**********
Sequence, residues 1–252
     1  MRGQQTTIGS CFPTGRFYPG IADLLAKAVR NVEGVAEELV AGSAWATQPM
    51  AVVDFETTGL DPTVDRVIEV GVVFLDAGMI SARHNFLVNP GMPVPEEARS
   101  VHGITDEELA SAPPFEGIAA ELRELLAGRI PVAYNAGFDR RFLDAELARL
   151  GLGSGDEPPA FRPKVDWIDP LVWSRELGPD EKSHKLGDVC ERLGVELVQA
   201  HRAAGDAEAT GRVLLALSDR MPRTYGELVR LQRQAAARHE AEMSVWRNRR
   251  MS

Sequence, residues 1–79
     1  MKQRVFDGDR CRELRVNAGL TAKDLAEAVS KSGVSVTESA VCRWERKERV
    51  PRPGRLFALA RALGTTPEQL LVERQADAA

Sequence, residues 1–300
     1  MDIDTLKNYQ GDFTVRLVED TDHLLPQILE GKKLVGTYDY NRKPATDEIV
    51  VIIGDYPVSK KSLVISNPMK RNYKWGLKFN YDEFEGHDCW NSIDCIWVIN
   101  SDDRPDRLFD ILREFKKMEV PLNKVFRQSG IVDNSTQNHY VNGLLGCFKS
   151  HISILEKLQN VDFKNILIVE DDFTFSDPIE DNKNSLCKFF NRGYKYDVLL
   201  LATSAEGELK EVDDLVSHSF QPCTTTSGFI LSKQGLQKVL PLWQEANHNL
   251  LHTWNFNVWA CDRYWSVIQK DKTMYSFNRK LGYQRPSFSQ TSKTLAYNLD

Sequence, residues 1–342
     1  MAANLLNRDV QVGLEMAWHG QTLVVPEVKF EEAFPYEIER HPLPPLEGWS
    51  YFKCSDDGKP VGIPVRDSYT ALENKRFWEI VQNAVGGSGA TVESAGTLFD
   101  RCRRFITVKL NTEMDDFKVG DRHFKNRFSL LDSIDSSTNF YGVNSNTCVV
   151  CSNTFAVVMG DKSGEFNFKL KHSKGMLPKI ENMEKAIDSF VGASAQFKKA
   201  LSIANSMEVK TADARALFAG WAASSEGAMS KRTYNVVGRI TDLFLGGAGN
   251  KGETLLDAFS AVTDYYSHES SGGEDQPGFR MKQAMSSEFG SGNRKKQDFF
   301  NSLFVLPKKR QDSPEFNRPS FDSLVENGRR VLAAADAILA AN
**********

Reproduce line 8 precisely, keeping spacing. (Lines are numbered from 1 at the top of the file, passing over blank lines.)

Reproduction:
Sequence, residues 1–79